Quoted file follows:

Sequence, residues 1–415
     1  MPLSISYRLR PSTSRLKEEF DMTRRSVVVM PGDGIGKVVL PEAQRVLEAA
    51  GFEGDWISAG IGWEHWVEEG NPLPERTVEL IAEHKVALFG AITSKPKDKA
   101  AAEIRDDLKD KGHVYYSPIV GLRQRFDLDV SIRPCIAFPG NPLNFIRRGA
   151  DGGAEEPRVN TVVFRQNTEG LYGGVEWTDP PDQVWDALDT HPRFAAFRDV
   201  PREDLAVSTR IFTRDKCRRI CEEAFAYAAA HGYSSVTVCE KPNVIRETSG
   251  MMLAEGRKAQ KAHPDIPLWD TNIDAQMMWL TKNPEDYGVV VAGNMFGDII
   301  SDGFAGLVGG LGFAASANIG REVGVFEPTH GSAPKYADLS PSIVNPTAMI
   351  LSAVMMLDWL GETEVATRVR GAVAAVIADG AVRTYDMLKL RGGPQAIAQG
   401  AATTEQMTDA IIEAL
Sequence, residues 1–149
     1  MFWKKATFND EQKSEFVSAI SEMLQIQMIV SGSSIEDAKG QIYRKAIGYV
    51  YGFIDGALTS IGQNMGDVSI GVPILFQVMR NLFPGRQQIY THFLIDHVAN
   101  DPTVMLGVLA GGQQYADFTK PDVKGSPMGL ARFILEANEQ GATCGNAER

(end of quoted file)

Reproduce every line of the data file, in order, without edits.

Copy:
Sequence, residues 1–415
     1  MPLSISYRLR PSTSRLKEEF DMTRRSVVVM PGDGIGKVVL PEAQRVLEAA
    51  GFEGDWISAG IGWEHWVEEG NPLPERTVEL IAEHKVALFG AITSKPKDKA
   101  AAEIRDDLKD KGHVYYSPIV GLRQRFDLDV SIRPCIAFPG NPLNFIRRGA
   151  DGGAEEPRVN TVVFRQNTEG LYGGVEWTDP PDQVWDALDT HPRFAAFRDV
   201  PREDLAVSTR IFTRDKCRRI CEEAFAYAAA HGYSSVTVCE KPNVIRETSG
   251  MMLAEGRKAQ KAHPDIPLWD TNIDAQMMWL TKNPEDYGVV VAGNMFGDII
   301  SDGFAGLVGG LGFAASANIG REVGVFEPTH GSAPKYADLS PSIVNPTAMI
   351  LSAVMMLDWL GETEVATRVR GAVAAVIADG AVRTYDMLKL RGGPQAIAQG
   401  AATTEQMTDA IIEAL
Sequence, residues 1–149
     1  MFWKKATFND EQKSEFVSAI SEMLQIQMIV SGSSIEDAKG QIYRKAIGYV
    51  YGFIDGALTS IGQNMGDVSI GVPILFQVMR NLFPGRQQIY THFLIDHVAN
   101  DPTVMLGVLA GGQQYADFTK PDVKGSPMGL ARFILEANEQ GATCGNAER